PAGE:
Reset Required? Evaluating the Media Freedom Coalition after its first two yearsDr Mary Myers, Dr Martin Scott, Dr Mel Bunce, Lina Yassin, Maria Carmen (Ica) Fernandez and Dr Rachel Khan
A new evaluation finds that the Media Freedom Coalition requires a ‘re-injection of energy’.
The Foreign Policy Centre is pleased to support the publication of a new report evaluating the first two years of the Media Freedom Coalition (MFC). The MFC is a partnership, established in 2019 by the UK and Canada, of 50 countries working together to advocate for media freedom and the safety of journalists. The report is being was launched on Wednesday 9th February at the Global Conference for Media Freedom in Tallinn, Estonia. Watch the recording of the event here and a short summary of the report can be read here.
Conducted by a team of six academics and researchers, from the University of East Anglia, City, University of London and University of the Philippines-Diliman, the report poses one central question: is the Media Freedom Coalition working?
“Our assessment is that the MFC is only partially achieving its objectives,” states Dr Mary Myers, the lead author of the report. “It has taken some positive steps towards its ambitious goals including attracting a relatively large membership and establishing collegiate ways of working. However, partly because of the COVID-19 pandemic, the actions of the MFC have not been as rapid, bold or visible as was initially promised.”
The report concludes that MFC requires a ‘re-set’ and ‘re-injection of energy and funds’ in the next two to three years if it is to achieve its original aims, and provides a scorecard and recommendations to support future development.
“The objective of our report was to identify key areas for improvement to strengthen the MFC’s work moving forward, as such, we hope members of the MFC will take on board our findings and adopt our recommendations,” added Dr Myers.
Evaluating the MFC
The evaluation report’s findings are based on over 100 interviews with relevant stakeholders; analyses of news coverage, social media commentary and public statements; and a survey of media freedom campaigners – as well as detailed case studies in Sudan and the Philippines. The research team assessed the MFC against its own pledges to:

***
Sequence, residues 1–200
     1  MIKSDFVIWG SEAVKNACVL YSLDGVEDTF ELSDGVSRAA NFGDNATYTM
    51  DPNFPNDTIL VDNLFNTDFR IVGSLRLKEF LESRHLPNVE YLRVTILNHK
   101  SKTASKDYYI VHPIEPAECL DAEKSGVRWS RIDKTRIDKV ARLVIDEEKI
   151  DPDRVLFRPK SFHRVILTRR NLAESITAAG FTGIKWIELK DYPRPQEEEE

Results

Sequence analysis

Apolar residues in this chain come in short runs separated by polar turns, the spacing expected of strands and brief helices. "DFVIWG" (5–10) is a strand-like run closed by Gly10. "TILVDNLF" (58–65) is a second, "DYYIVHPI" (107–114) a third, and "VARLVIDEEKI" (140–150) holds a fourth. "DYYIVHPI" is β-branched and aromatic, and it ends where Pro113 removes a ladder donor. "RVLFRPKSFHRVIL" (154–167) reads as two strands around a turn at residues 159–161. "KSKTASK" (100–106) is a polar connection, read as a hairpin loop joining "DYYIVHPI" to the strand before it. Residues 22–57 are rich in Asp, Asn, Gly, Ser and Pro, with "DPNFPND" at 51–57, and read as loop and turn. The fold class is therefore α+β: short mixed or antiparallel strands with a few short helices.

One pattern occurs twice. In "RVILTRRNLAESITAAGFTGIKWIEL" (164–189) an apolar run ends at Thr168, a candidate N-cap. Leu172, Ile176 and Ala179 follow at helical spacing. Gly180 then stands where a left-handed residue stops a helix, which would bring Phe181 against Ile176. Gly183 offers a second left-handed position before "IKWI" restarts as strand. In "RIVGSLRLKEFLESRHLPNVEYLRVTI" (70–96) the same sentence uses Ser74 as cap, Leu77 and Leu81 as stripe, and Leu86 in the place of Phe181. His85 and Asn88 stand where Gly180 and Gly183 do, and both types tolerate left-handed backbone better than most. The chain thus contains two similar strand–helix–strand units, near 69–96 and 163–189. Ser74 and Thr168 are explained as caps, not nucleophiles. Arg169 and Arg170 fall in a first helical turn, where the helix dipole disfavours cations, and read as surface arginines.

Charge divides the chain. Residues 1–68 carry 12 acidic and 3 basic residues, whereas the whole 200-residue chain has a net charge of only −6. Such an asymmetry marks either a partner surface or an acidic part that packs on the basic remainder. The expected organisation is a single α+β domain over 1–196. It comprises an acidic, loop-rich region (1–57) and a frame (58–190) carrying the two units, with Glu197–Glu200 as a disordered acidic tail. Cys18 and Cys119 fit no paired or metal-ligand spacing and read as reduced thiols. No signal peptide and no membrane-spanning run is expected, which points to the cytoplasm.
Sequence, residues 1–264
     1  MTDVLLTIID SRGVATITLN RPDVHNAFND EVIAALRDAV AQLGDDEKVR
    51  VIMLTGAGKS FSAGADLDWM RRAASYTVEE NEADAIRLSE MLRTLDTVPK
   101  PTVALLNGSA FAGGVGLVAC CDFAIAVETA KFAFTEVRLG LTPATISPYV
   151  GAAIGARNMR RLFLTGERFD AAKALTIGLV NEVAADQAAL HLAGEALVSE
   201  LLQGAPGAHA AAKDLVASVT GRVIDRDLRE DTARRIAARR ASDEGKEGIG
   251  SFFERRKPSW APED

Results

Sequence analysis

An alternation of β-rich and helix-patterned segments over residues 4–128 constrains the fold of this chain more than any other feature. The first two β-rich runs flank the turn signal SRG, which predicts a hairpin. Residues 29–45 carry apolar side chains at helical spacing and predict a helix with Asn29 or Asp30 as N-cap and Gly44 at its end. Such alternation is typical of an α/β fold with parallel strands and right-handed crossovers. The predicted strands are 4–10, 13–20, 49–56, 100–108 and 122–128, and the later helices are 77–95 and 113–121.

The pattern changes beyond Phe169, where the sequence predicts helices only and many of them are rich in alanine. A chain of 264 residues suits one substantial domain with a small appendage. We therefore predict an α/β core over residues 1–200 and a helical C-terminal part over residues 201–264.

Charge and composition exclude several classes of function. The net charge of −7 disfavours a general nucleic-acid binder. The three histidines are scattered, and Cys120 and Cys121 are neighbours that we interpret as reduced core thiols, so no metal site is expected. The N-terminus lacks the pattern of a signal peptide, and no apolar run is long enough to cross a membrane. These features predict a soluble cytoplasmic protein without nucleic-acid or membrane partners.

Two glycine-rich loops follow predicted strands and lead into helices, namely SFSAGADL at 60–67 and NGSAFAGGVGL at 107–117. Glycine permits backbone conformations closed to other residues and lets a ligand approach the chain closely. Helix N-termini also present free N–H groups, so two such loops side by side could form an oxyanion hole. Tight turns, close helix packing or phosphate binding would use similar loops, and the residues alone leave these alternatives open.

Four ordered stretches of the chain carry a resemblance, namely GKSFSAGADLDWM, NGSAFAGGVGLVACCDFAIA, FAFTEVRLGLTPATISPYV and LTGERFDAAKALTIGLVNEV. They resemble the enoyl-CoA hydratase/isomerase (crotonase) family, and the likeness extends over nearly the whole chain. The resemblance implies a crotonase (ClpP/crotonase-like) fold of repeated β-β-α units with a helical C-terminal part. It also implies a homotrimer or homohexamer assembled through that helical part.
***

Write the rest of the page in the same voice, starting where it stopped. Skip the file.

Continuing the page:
– Promote accountability by ‘raising the cost’ to those who abuse or violate media freedom;
– Hold its own members to account over media freedom violations;
– Work together as a coalition, expand the membership and collaborate with partners (including the Consultative Network, UNESCO and the High Level Panel of Legal Experts on Media Freedom;
– ‘Shine a spotlight’ on the issue of media freedom by raising awareness of it; and
– Develop and defend the media by providing practical support to independent media around the world.
The report finds that the Coalition had some early successes. Several states – such as the Maldives and Sierra Leone – have made positive improvements domestically, as a direct result of joining the MFC and there have been several instances of successful private diplomacy by Coalition members working together. However, according to Dr Martin Scott, another of the report’s co-authors, “its working methods have been slow and lacking transparency, its communications poor, and its financial commitments small”.
The evaluation was funded by the Arts and Humanities Research Council UK and the Global Challenges Research Fund. The FPC did not participate in, or contribute to, the evaluation of the MFC, but has supported the report’s publication through its Unsafe for Scrutiny project, which is kindly funded by the Justice for Journalists Foundation.
More information about the Media Freedom Coalition itself can be found here: https://mediafreedomcoalition.org/